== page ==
But they actually have even more time than that: Producers identify the 10 signature bakes and showstoppers during pre-production, and before the competition even begins, every contestant has to identify what they’d bake for each one.
Of course, many of them will never bake some of those things, but they know what’s ahead for the entire competition. That’s remarkable, considering how many other cooking competitions rely on surprise to create drama. Here, the only surprise is the technical bake.
For seasons 11 and 12, which were filmed in a bubble during the pandemic, filming took just six weeks, instead of the usual 3+ months. Contestants were not able to leave the hotel where the show filmed, but they still did get practice time in-between episodes and challenges.
Do the contestants get other help?
Yes, though it is limited. Besides practice on two of the three bakes for each episode, food producers will step in with advice or new ingredients if necessary.
“We help the bakers to a certain degree. We do show the disasters, but you don’t want to set anyone up for a fall,” Faenia Moore told The Telegraph.
Who eats the bakes after judging ends?
The contestants and the reality show’s crew. Faenia Moore told RadioTimes, “It is really important that the bakers actually have a chance to taste what they have been slaving over for three or four hours. So I put together a basket of all their different bakes so they can taste their own and everyone else’s. Then, in a very orderly fashion, of course, the crew dig in—they really love it when the bakers cook something savoury as there is usually so much sugar around.”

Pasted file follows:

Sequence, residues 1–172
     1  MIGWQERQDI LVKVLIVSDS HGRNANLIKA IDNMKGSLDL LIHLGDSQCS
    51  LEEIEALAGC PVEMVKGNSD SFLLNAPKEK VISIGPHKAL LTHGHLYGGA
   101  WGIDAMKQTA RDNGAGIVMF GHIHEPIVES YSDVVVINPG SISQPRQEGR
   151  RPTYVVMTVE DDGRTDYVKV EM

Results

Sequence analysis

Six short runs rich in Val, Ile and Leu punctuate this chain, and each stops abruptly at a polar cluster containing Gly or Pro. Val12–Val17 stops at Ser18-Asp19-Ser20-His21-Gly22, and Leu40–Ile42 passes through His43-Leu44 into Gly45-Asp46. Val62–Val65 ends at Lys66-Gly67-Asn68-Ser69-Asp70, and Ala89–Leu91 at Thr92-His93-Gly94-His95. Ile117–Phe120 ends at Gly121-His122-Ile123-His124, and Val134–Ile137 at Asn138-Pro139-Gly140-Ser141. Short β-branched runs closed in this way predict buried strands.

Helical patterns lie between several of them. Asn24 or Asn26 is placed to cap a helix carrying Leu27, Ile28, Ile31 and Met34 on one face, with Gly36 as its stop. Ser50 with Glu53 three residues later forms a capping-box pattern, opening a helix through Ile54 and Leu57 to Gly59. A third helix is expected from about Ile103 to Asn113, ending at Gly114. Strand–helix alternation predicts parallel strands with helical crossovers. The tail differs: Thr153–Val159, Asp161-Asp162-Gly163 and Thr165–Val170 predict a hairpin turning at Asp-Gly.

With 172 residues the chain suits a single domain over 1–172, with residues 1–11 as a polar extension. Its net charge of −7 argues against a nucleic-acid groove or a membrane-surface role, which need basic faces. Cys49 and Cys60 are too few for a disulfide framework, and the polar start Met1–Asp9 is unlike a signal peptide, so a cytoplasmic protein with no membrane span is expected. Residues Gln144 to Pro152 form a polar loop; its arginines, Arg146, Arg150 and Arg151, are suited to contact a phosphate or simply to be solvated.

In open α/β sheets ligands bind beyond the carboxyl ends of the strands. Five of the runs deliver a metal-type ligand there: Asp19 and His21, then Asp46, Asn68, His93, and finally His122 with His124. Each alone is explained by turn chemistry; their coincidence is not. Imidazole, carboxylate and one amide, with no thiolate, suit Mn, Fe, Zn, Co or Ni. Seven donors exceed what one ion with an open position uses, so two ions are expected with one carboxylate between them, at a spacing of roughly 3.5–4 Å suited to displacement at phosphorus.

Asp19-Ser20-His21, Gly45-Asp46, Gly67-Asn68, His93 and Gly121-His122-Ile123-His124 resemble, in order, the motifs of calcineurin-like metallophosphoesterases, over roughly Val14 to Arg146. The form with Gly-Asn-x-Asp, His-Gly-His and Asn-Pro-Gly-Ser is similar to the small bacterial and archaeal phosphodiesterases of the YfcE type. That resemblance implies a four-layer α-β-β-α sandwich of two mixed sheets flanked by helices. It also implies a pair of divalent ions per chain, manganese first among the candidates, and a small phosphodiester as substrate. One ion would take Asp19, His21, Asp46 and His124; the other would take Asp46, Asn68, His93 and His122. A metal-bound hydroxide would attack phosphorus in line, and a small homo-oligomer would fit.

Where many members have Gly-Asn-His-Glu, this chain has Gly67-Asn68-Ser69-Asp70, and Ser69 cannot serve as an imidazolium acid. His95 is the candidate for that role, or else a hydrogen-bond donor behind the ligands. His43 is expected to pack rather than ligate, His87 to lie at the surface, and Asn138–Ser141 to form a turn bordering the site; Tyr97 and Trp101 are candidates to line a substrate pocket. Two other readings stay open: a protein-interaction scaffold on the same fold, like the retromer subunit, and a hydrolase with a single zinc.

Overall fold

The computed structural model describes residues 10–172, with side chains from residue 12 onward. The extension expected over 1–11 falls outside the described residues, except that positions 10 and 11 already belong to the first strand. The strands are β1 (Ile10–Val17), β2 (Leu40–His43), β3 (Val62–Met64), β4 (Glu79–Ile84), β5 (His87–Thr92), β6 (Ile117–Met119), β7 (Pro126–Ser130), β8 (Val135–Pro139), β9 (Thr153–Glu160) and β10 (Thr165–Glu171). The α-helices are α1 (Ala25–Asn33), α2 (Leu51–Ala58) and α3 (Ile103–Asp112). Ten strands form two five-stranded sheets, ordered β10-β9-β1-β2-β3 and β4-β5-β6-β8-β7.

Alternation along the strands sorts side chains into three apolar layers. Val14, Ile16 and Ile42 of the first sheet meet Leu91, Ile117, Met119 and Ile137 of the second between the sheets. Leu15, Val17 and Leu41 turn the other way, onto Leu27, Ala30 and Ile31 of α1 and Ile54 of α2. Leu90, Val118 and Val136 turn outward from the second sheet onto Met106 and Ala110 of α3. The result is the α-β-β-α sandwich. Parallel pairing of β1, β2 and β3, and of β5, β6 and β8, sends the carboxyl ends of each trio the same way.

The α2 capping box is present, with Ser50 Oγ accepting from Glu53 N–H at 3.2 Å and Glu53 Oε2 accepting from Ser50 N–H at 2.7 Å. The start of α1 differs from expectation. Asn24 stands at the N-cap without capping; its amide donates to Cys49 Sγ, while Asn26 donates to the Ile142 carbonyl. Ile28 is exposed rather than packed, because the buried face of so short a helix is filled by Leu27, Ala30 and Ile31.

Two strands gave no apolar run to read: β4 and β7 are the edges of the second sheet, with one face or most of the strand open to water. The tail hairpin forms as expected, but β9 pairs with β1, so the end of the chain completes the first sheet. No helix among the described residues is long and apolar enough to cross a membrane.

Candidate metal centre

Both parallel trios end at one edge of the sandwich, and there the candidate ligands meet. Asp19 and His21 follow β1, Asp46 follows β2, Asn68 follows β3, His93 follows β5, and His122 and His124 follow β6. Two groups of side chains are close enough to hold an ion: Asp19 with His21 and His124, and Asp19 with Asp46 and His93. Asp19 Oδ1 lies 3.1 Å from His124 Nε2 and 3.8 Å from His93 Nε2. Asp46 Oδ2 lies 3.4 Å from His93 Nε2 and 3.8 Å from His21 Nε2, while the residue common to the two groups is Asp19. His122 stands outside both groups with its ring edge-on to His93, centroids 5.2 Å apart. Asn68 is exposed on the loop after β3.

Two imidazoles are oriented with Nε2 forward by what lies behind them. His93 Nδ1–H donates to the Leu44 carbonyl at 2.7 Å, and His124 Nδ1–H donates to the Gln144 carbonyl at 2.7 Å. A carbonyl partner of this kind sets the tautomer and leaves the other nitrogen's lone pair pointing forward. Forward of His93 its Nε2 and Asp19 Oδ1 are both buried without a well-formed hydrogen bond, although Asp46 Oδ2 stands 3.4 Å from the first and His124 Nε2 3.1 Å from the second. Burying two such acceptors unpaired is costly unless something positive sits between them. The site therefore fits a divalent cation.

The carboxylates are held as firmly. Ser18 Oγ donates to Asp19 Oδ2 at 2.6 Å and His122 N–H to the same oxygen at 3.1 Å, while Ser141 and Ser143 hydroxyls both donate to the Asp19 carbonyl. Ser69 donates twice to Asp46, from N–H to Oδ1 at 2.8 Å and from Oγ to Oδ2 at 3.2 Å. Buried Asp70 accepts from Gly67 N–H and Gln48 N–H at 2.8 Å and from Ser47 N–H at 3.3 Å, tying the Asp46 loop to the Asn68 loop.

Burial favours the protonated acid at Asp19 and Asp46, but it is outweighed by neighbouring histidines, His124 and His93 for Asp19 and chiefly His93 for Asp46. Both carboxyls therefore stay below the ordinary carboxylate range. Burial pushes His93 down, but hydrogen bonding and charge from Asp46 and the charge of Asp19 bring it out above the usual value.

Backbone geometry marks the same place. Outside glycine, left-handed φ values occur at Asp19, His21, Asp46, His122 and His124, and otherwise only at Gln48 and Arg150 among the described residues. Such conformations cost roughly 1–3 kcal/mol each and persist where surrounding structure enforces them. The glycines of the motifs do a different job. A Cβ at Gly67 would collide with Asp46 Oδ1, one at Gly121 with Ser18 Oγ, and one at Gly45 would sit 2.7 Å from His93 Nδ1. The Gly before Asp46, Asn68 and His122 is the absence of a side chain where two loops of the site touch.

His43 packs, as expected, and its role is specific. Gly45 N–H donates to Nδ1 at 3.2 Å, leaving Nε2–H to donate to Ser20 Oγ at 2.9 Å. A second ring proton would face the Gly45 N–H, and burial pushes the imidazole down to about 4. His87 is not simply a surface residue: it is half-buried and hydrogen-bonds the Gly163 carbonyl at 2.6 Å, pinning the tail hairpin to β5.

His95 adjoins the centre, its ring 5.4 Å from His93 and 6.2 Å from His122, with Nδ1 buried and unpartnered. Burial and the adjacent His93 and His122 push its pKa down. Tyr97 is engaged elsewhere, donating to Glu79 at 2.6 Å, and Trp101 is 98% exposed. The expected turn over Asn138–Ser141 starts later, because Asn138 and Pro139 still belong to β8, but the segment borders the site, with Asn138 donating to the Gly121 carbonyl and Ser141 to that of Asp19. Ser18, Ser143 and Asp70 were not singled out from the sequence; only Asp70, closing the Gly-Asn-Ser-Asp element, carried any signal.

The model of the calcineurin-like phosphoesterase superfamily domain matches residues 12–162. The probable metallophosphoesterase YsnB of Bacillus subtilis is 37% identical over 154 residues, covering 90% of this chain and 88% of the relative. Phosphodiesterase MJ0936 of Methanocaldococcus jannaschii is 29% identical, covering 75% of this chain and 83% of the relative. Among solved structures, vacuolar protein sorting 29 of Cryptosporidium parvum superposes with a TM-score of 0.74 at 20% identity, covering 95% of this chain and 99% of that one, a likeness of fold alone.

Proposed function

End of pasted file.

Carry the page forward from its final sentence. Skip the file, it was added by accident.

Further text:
However, one contestant told the Birmingham Mail, “The cameramen literally stand there with forks in their back pockets, waiting to swoop as soon as filming stops. The cakes are meant to be taken to a lunch area where everyone can share them, but they don’t usually get that far because the crew eat them first.”
How fair is the competition?
A lot is done to make sure the competition is fair. All contestants are briefed by the ovens’ manufacturer to make sure they know how to use them. Also, each of the contestants’ ovens is checked to make sure it’s level and works.
How do they know each oven will produce the same results? “A dozen Victoria sponge mixes are prepared and placed into each oven at exactly the same time by members of the production crew,” executive producer Anna Beattie revealed.